They say addiction is a beast. That’s true. But recovery is another monster, in its own way. When you’re in recovery, you’re essentially fighting against yourself. Especially in early recovery, your mind and body are struggling to use again. But to recover successfully, you’ll need to resist what feels like natural urges. Relapse is always waiting to tempt you.
Fortunately, there are a few things you can do to keep your mind and body strong in recovery.
Here are 5 ways you can stay motivated during your recovery process.
- Cultivate your inner circle
You’ve probably already cut ties with your old friends who are still using. This is an essential part of recovery. So, if you haven’t done it yet, end relationships with anyone who abuses drugs or alcohol. These are bad influences that could easily tempt you into a relapse.
But cultivating your inner circle is about much more than simply avoiding addicts. It’s about surrounding yourself with people who love you unconditionally and will support you through your struggles. These should be people you can turn to with any issue.
2. Continue counseling
Many people get counseling in early recovery, but that’s not the only time it’s necessary. In fact, prolonged counseling can help keep you on the sober path.
This advice comes from a place of experience. Once I treated my addiction in rehab, I thought I knew enough to continue on the sober path alone. I was wrong. One relapse sent me back into rehab, and then I realized the importance of continued counseling. If you aren’t going to group sessions already, it’s time to start. This may be a lifeline commitment, and that’s perfectly okay.
Regardless of how you feel at any given moment, go through the motions. The steps are there for a reason. If you keep taking steps forward, you will see progress. This is a certainty.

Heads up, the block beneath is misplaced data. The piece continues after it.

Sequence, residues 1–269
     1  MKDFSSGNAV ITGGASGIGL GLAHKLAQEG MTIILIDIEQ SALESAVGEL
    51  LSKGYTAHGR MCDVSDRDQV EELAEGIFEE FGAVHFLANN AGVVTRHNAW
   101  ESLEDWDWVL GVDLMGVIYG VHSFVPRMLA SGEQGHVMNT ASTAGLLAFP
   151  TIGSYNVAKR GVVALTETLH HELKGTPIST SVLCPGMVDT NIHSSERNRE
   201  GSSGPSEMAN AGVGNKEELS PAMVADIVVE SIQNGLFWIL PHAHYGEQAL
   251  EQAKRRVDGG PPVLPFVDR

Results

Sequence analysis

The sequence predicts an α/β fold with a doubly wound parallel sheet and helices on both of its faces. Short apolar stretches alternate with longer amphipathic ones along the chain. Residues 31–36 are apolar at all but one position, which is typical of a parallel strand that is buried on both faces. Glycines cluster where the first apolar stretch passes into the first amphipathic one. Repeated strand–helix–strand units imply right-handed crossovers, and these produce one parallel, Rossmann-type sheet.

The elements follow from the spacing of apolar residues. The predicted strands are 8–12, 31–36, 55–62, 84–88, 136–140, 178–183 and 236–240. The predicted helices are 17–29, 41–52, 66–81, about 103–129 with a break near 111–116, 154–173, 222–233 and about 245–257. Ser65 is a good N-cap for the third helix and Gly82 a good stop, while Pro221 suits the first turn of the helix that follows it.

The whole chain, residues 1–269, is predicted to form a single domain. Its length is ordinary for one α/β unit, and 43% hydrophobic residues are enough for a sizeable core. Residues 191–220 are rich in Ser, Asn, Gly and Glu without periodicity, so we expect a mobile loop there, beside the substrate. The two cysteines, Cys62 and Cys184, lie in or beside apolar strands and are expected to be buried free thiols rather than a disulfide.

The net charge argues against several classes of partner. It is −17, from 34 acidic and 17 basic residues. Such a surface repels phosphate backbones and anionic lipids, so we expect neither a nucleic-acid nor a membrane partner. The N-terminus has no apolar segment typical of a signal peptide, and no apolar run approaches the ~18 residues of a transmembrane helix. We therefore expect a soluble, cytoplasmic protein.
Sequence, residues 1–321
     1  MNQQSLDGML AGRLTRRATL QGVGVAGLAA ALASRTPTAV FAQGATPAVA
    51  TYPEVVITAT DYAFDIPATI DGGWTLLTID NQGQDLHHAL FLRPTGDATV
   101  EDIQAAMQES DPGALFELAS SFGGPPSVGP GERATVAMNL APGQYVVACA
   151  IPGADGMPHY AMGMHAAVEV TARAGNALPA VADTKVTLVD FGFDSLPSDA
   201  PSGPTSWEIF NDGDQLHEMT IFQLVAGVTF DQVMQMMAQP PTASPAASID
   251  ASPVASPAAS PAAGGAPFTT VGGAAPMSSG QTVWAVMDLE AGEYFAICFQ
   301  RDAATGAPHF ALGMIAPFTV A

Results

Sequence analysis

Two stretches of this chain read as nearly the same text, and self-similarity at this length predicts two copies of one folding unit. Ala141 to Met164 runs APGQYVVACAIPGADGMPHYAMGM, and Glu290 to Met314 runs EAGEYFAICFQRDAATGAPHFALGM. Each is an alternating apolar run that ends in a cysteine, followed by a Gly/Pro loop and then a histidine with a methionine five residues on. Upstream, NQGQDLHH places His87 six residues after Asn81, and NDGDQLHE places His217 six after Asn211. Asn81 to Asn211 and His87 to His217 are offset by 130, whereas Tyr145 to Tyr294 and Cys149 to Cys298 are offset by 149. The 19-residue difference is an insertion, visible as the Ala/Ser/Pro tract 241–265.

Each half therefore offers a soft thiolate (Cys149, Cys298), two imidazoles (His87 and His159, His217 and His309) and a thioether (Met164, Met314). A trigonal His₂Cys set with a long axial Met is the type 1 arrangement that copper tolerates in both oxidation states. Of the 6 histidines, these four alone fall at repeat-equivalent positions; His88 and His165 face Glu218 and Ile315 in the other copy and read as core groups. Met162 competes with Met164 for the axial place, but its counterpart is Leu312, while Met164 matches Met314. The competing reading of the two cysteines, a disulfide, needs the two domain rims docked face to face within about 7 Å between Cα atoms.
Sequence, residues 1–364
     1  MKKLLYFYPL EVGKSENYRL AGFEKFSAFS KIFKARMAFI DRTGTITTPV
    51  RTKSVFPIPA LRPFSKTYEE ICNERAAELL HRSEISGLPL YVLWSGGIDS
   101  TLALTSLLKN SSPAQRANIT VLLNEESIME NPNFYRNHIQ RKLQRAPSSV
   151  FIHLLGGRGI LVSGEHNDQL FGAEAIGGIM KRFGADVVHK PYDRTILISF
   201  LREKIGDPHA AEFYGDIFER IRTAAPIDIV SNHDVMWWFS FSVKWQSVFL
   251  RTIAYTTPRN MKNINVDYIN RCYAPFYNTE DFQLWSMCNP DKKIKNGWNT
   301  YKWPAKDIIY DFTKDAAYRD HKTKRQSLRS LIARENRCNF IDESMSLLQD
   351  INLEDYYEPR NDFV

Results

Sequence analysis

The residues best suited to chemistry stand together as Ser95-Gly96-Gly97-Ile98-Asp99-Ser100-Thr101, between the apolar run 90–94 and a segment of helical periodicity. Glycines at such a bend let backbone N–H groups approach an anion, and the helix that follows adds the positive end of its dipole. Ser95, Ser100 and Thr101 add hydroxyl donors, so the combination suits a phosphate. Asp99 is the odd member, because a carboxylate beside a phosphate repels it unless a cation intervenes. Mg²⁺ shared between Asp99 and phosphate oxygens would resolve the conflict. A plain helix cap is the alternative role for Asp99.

3. Help others
If you’re anything like me, you struggle not just with addiction but also with self-esteem. I’ve always had trouble doing things for myself because I struggle to believe I’m worthwhile. It’s something I’m working on, but I’ve found one thing that really helps. I tell myself that I’m not only doing this for myself. I’m in recovery for the people who love me, and I’m here to help other people who are struggling. This is why I get involved at meetings and sponsor newly recovering addicts.
4. Take care of yourself
Addiction is unhealthy behavior. So good health is the best weapon you have against it. When you take care of your mind and body, you will have more good days. On the good days, it’s easier to stay on the straight and narrow. It’s the bad days that are problematic. Eat right, exercise and consider meditation.
Studies have shown that meditation produces an effect that’s similar to what drugs produce, only without the side effects. A Cognitive Brain Researchstudy found that participants who meditated showed an increase in dopamine and a decrease in desire for action. In other words, they were happy and content with where they were. And as a recovering addict, I can tell you that’s a good place to be.
5. Cultivate a new life
Part of recovery is cutting ties with your old life. But if you cut out all the bad stuff without adding new positive stuff, all you have is a void. When your life seems empty, you’ll naturally long for your old life because it’s all you know.
Instead, try new things. Find hobbies and passions that give meaning to your life. Learn to have fun without drugs or alcohol.
Get out and meet new people, hang out with your sober support friends, and invest time in enjoying your life. If you want to be successful in recovery, you need to build a life that’s so great; you’ll defend it at all costs. When the fear of losing your sober life surpasses your desire to use drugs, you’re in a good place.
It can be difficult to motivate yourself when you’re feeling down, but even on your darkest days, it’s your job to power through. Even when you don’t feel like it, try the tips on this list to motivate you to stay on track. You are worth it.